Lenore Skenazy, a former journalist who has championed the "free play" movement, cheekily launched the after-school program to try and encourage parents to let their children to play without structure or supervision.
"I'm always trying to figure out ways to get kids back outside playing with each other," the mother of two told ABC News. "It's a great thing that has sort of evaporated from the American landscape."
"And New York City is used to paying money for things so that's the money thing," she added.
Free Range Kids" and writes a blog of the same name, said that she noticed when her two sons, who are now 14 and 16, were growing up that children were never just outside playing. Fears of kidnappings and other dangers have led parents to keep their children indoors or enroll them in structured after-school activities, she said.Skenazy, who authored the book "
"I'd say go downstairs and play and they'd look out and say no one's there. Even on sunny days. It distressed me so much because I was positive there were kids looking out windows in buildings opposite ours telling their moms that there is no one out there to play," Skenazy said.
Free-play, as Skenazy calls it, allow children to learn how to negotiate social situations on their own.
"In a child's case, it's how you learn to cooperate, to pay attention. Is the ball coming to your square in Four Square?" she said. "What is lost if we don't give our kids freedom to play, to be on their own, to believe that they're okay on their own without constant supervision? There's the confidence, the focus, and the joy. Versus diabetes and obesity."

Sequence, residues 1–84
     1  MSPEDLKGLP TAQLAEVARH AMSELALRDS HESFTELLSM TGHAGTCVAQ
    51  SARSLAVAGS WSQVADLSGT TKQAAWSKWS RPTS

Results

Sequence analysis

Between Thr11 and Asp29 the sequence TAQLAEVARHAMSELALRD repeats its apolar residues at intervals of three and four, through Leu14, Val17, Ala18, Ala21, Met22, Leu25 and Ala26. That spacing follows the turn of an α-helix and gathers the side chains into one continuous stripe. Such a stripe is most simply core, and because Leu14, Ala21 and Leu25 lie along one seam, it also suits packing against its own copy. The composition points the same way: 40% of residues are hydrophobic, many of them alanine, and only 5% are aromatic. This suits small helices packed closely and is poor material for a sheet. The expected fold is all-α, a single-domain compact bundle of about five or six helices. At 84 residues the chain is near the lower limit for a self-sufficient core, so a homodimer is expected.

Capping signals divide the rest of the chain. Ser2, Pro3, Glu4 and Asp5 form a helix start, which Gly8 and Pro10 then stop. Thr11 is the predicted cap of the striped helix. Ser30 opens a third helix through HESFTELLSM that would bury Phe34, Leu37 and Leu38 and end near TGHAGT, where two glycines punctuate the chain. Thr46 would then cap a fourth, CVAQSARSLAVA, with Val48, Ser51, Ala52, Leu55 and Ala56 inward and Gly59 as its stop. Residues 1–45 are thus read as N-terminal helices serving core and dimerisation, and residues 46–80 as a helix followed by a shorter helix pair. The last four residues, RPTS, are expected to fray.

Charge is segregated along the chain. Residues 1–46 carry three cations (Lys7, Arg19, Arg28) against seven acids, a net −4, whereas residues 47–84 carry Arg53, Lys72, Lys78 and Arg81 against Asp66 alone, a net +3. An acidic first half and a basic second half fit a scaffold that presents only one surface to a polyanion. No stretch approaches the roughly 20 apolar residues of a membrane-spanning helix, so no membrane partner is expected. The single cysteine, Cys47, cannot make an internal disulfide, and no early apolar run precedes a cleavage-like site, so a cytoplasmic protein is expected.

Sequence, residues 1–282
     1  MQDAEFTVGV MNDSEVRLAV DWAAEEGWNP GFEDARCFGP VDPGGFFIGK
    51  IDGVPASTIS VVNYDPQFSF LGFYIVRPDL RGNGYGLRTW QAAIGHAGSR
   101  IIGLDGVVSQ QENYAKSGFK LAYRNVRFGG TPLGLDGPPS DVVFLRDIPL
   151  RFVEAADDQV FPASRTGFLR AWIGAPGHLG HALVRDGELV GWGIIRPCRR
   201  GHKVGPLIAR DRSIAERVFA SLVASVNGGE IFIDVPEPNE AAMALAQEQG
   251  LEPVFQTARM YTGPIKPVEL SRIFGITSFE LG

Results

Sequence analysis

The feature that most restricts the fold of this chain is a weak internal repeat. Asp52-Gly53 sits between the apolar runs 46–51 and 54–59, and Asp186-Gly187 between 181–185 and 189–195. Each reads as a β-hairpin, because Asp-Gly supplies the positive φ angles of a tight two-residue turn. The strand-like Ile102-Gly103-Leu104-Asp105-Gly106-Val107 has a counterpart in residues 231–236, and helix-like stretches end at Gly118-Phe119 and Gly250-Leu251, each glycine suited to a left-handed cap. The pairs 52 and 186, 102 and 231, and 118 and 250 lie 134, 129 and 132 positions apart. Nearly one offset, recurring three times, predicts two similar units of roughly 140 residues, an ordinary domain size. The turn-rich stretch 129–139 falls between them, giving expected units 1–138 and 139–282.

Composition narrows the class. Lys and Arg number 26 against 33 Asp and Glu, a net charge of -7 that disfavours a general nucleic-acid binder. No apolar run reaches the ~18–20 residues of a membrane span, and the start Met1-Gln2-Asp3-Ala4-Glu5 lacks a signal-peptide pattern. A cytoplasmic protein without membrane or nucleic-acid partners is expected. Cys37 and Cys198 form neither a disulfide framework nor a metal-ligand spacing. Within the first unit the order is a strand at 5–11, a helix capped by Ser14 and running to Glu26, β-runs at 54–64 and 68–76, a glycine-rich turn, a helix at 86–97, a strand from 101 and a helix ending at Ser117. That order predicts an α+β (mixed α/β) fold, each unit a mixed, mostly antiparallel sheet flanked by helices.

Skenazy has a history of pushing parents' perceptions of what freedoms should be allowed for their children. In 2008 she attracted scorn and ridicule for allowing her son, then age 9, to ride the New York City subway by himself. Since then, she's organized one day each year when parents are instructed to take their children to the park and leave them there.
"People thought that was crazy too, but it's been running for three years now and I hear from parents who say, 'I did let my kids go to the park today.' It takes something to start breaking up the ice, this thick layer of ice over childhood, and if I'm giving a little tap with an ice pick to crack, than I'm happy to. "
Skenazy said she knows the facts about crime and dangers to children, and the world is much safer than most parents think it is.
"I don't think I'm a crazy mom. I think I'm a mom who was a reporter for 14 years. I'm a fact finder at heart. I've done my research, and right now is pretty much the safest time in human history to be a child. The crime rate was higher in the 1970s and 1980s, and here in New York City there's been an unprecendented crime drop."
"A lot of people say, 'I loved playing outside as a kid, those were my happiest times, but I can't let my kid because times have changed.' I say, well, times have changed. Crime is lower."
Skenazy said that she's had no takers for her new after school program yet, but if any children ages 8 through 18 were to sign up, she would sit at a coffee shop a block or so away from the park with a cell phone, in case of emergency.
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